Sunday, August 16, 2009

SUMMER REPEAT: Having A Serious Conversation

[Unfortunately, this one seems even more appropriate today than when it was first posted...]

I wasn't able to watch all of President Obama's town hall meeting in St. Louis today, and what I did see had me alternately shaking my head and wishing that, at least here in the Pacific time zone, it had been late enough to start drinking. One particular portion, though, actually managed to make my blood pressure start to rise...

I'm happy to have a serious conversation about these issues, too, Mr. President. So as you say, let's not play games, and let's stop pretending.

Let's stop pretending that the record deficits in your 10-year budget plan, approved earlier today by Congress, were inherited from George W. Bush. This is your budget, your stimulus, and your spending, Mr. President. A serious conversation would acknowledge this.

Let's stop pretending that asking your cabinet to find $100 million in spending cuts is "tightening our belts." A serious conversation would call this what it really is: A joke. And a bad one at that.

Let's stop pretending that we're going to lower health care costs, thus saving money and Medicare, not to mention reducing the deficits, by spending an additional $646 billion of money we don't have. And that's just for the "down payment." A serious conversation would acknowledge that your health care reform is going to cost us even more in the long run, not less.

Let's stop pretending that we can save Social Security without cutting benefits for future retirees or raising the retirement age, and that all we really need to do is just lift the cap on the amount of income that's subject to the payroll tax. A serious conversation would acknowledge that this won't even cover half of the unfunded Social Security obligations we're facing.

Let's stop touting that $400 tax cut you keep talking about, considering that the members of your own party in Congress just voted to end it after next year. A serious conversation would acknowledge that even the people voting for your budget understand that the numbers just do not add up.

And while we're at it, let's stop pretending that your $400 tax cut is actually a "tax cut." Because a tax cut means taking less of someone's money. It doesn't mean refunding money to people who don't even owe any income tax, which your $400 "tax credit" does. Even if you justify giving out this money by saying that those people still owe payroll tax, this is still a transfer payment, not a cut in their payroll tax, and transfer payments need to be paid for -- either by raising taxes in some other area or by borrowing still more money. Even the Congressional Budget Office scores these credits as "direct spending." A serious conversation would admit this.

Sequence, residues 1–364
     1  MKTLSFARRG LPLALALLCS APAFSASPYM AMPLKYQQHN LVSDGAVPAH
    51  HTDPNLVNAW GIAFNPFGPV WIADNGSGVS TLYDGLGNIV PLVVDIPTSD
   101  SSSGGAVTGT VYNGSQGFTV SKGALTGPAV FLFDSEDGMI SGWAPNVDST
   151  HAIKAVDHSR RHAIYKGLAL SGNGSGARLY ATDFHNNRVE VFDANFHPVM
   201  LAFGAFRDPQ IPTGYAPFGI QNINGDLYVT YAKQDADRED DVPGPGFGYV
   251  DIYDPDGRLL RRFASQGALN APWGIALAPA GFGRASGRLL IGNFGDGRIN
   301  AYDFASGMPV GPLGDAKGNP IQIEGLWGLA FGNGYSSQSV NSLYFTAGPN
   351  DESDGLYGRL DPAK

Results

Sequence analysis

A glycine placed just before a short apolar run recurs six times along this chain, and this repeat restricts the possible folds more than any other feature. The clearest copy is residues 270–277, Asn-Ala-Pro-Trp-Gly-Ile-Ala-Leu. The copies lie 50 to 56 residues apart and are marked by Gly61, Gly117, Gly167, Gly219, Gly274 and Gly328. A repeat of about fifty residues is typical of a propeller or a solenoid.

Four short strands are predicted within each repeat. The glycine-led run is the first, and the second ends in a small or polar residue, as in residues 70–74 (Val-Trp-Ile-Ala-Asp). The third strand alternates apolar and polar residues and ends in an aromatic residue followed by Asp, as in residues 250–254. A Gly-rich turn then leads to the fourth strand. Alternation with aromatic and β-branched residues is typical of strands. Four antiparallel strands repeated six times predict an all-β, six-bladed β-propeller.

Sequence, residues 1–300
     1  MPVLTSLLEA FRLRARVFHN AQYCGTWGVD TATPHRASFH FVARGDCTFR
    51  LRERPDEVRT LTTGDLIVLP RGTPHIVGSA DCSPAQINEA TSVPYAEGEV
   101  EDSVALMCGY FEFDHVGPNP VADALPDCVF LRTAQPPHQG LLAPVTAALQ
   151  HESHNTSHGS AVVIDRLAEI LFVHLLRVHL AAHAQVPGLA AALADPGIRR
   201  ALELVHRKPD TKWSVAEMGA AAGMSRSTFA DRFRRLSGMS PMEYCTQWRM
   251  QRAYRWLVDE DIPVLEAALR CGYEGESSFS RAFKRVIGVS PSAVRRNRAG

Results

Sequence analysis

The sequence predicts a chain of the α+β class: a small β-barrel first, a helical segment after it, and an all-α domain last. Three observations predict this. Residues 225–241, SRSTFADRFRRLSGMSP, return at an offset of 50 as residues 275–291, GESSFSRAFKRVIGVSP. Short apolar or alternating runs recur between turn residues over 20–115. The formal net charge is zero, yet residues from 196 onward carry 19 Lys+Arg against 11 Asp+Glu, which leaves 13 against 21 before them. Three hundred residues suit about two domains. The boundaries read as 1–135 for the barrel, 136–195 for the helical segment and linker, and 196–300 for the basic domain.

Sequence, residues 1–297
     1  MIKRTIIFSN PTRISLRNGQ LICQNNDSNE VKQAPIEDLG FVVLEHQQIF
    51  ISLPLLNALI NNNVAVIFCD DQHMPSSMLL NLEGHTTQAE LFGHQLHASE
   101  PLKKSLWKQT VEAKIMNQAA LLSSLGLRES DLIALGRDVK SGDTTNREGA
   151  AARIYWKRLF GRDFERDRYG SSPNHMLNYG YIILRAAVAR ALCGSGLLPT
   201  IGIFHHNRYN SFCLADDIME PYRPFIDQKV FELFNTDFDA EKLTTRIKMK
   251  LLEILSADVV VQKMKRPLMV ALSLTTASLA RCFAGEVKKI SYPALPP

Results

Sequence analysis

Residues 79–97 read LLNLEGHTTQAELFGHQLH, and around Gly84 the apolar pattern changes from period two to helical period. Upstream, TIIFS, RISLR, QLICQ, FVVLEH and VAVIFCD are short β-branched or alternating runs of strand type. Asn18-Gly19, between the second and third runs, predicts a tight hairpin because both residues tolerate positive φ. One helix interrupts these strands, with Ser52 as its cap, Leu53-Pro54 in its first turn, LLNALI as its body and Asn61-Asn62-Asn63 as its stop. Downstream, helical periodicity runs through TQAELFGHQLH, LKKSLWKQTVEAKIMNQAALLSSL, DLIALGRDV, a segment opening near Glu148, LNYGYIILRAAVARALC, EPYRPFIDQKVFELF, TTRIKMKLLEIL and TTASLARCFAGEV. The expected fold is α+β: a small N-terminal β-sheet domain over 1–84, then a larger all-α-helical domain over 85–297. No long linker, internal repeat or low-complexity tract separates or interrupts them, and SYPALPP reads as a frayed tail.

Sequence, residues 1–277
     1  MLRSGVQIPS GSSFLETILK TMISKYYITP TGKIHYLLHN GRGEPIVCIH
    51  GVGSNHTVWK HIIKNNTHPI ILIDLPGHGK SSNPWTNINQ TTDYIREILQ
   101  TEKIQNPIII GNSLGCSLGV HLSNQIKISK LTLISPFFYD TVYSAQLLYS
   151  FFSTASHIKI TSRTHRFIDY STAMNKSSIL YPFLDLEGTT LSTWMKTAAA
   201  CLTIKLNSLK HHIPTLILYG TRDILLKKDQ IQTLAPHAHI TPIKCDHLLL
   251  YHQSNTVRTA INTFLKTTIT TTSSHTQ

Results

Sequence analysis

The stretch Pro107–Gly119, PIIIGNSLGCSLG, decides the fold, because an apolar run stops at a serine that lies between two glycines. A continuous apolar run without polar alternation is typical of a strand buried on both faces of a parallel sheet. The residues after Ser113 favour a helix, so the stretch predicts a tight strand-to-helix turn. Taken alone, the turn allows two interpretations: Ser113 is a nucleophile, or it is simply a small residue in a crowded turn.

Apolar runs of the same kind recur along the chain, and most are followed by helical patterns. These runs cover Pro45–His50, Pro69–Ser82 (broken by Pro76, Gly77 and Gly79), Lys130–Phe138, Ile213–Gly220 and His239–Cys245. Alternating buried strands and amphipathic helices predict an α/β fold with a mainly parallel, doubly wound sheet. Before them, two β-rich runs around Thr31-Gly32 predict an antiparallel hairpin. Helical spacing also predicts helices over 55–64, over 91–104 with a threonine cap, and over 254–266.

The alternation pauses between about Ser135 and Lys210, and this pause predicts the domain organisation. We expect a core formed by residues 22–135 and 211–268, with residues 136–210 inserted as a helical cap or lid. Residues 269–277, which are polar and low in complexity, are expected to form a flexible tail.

Let's also stop justifying your policies by pretending that under the Bush administration, only the wealthy received tax cuts. Millions of people who previously had owed federal income tax each year ended up owing no federal income tax at all after the Bush tax cuts. Middle-income earners paid lower federal taxes under President Bush than they did under President Clinton. I know I did, and I'm far from wealthy. Not to mention that lowering the bottom rate from 15% to 10% is hardly a tax cut for the wealthy. If you want to argue that the wealthy got more than their share, then go ahead and make that case, but frankly, I'm tired of being told by any member of the "reality-based community" that I never received a tax cut under the Bush administration. And a serious conversation wouldn't ask me, "Who are you going to believe? The words on my teleprompter, or your lying checkbook?"

Let's also note the irony of touting a $400 tax credit as a major boost to families and the economy, Mr. President, when during the campaign, your own wife dismissed the $600 stimulus payments with the phrase "What can you do with that?" A serious conversation might include some explanation about how a payment of $200 less suddenly became so much more effective and meaningful.

Mocking those "folks waving tea bags around" might make for a good laugh line, Mr. President. I'll admit that, and also that after the first 100 days of your presidency, I'm rather tired of the dismissive, Jon Stewart-esque smirk you tend to bestow on anyone who disagrees with your policies. But those folks are voters, Mr. President. And not only do they understand everything discussed in this post, they're waiting for some indication that you do as well.

They're also waiting for that serious conversation, Mr. President, just as soon as you decide to get serious.